Moscow — This is a strange time for consumers in the Soviet Union’s largest city. If they shop in the state-owned stores, they find supplies short and lines long. If they go to a large open area where private markets have sprung up, they find supplies ample but prices very high. The former is communism and the latter is called capitalism — soiled by a protection racket that snakes down the stalls and shops.
It is a strange time also because the ruble buys less and less these days, not just because of a moderate inflation, but because there are fewer goods to buy. Medicines, clothing, some foods, appliances and even tobacco are in short supply. Hoarding makes the supply problem even more serious.
The ruble has more than fallen from grace. Never a convertible currency abroad, it is now avoided wherever possible by Soviet sellers. Hotels pressure tourists into paying with hard currency or convert dollars, marks and Lira into what is called “a golden ruble” — a mythical but ridiculously tough exchange rate. Restaurants try to do the same with foreign tourists. Even prostitutes in hotel lobbies are known to be either “hard currency” or “soft currency” solicitors.
But it is the Moscow cab driver — forever puffing on cigarettes — who provides the best insight into the ruble. Standing outside hotels, these cab drivers ignore their meter and try to get hard currency or ten times the rubies on their meter. Pirate cabs roam the streets. A pack of Marlboro cigarettes becomes “hard currency” because they can sell it for good money on the streets in the booming black market.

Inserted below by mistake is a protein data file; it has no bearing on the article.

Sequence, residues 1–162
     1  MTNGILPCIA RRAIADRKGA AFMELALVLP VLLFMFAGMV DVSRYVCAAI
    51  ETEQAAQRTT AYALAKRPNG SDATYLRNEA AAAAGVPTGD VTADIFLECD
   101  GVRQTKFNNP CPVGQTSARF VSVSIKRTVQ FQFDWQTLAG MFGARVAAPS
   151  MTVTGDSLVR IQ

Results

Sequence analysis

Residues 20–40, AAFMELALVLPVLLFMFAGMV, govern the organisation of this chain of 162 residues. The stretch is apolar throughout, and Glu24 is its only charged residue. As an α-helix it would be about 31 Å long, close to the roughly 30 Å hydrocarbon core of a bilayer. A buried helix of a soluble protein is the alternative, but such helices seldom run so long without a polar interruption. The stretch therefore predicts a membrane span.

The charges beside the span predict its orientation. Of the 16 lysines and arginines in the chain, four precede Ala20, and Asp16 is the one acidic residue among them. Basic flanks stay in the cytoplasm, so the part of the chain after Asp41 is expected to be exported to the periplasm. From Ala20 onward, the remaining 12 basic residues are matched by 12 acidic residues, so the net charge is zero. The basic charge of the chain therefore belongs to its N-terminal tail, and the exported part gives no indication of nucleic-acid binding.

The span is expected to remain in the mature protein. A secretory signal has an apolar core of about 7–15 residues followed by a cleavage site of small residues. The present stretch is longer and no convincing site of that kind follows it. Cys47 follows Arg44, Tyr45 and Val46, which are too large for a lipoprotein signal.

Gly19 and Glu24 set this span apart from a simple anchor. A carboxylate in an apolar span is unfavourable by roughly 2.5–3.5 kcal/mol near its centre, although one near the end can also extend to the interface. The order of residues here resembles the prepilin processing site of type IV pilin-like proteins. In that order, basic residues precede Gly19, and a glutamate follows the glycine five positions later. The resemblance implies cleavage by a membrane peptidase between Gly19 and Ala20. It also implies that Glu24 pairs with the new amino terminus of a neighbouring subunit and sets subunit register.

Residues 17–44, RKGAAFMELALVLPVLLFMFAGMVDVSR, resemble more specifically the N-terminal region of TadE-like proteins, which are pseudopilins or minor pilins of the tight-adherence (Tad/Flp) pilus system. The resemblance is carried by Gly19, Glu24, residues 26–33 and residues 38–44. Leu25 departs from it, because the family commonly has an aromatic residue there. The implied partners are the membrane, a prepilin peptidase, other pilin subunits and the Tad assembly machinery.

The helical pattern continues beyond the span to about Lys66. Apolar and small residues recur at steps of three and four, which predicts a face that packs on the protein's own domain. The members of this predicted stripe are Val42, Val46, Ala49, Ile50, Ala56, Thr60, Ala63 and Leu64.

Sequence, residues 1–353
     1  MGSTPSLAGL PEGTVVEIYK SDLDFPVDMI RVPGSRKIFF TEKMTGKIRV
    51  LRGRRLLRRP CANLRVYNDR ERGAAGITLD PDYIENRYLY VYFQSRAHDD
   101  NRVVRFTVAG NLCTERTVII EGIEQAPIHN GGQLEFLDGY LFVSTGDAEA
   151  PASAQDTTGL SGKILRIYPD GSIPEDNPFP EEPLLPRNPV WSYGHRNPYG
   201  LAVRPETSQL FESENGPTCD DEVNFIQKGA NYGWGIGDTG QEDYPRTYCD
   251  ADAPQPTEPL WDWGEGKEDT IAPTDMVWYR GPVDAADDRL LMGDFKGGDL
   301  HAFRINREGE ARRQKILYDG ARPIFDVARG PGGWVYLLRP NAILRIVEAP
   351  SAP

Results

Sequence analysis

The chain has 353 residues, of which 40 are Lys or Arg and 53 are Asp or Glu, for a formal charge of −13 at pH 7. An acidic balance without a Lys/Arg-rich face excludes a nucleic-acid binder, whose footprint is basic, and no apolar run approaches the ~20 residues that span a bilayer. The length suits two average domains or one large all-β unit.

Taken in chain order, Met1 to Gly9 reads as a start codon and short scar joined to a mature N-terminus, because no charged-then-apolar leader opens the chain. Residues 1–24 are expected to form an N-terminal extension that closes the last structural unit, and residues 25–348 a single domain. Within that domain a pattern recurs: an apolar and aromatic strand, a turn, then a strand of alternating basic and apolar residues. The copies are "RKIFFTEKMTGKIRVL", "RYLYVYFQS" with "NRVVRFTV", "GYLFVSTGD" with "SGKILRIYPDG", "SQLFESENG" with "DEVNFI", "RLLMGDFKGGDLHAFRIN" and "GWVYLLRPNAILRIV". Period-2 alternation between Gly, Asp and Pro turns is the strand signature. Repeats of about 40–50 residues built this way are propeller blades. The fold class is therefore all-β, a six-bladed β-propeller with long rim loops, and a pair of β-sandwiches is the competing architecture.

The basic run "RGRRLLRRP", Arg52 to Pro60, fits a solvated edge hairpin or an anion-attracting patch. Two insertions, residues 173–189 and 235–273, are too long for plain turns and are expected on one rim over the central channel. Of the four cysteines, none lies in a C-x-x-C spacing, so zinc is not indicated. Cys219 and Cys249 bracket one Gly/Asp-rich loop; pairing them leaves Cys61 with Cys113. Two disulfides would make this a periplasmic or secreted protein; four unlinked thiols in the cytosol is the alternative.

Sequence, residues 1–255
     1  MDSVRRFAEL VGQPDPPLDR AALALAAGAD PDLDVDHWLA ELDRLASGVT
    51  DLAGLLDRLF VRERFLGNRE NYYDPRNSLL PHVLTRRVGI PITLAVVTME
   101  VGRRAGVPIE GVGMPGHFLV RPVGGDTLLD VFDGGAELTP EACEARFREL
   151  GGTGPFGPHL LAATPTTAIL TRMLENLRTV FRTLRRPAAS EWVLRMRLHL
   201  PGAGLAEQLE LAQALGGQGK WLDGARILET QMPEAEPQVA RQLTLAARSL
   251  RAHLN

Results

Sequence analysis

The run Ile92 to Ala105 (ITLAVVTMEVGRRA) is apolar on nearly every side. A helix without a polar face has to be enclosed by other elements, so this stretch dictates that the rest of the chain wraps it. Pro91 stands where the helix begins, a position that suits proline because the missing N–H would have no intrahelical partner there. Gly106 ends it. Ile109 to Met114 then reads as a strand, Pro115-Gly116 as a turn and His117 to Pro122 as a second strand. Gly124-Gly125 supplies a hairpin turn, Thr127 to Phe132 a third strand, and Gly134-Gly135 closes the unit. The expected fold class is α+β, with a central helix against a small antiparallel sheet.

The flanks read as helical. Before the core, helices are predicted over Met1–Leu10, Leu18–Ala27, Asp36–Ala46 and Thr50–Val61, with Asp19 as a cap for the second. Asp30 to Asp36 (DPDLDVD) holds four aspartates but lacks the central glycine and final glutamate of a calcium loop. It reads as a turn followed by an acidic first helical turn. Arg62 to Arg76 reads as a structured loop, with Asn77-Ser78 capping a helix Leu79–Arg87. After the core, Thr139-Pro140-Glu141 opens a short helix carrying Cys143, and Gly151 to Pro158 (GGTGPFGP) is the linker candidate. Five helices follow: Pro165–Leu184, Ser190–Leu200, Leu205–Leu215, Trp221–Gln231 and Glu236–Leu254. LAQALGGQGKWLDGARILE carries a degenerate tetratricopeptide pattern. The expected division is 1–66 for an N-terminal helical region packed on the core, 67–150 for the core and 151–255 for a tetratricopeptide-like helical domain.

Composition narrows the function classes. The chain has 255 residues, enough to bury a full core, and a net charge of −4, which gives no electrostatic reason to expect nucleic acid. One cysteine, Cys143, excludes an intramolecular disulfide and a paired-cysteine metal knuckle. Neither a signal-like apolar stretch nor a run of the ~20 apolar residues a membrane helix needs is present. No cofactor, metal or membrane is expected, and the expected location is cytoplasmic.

Meanwhile, in a small suite of offices, not completely furnished, on Solyanka Street 9, a new consumer movement is underway. The USSR Federation of Consumer Societies, a non-governmental association, is underway with chapters in 100 cities and towns throughout the Soviet Union and with many journalists willing to freelance for its twice-monthly newspaper and the forthcoming monthly magazine.
The Federation is less than two years old, but its grasp of the meaning of consumer protection is impressive. It is exposing heavy metal (mercury, arsenic, cadmium) contamination of food supplies. Around Moscow, industrial wastes and human sewage sludge is used as fertilizers over food-growing areas. Heavy metals come from this sludge. Pollution and consumer rights are not viewed as separate issues.
Moreover, the Federation wants grass-roots connections and is developing regional and local initiatives linked with access to various testing laboratories so that data can be accumulated. Their emphasis on data is due, in part, to the absence of any reliable or available information from their government.
The president of the Federation is Anatoly Sobchak, a legislator and newly elected Mayor of Leningrad. He is a former lawyer who represented victims in Southern Russia and a scholar on the requisites for a democratic society. Sobchak, a rising political star in the Soviet Union, should giver greater visibility and influence to the consumer protection movement.
Later this year, a consumer protection code is expected to De enacted by the Soviet legislature. It represents and unprecedented opportunity to learn from both the successes and mistakes of other nations laws just as the Soviet leadership is moving away from a command economy toward more markets.
Without a corporate lobby to oppose basic consumer empowerment rights, the consumer code could be a trailblazer. But in a few years, with business trade associations already forming and with the coming rush of foreign multinational corporations, enacting consumer rights may be much more difficult.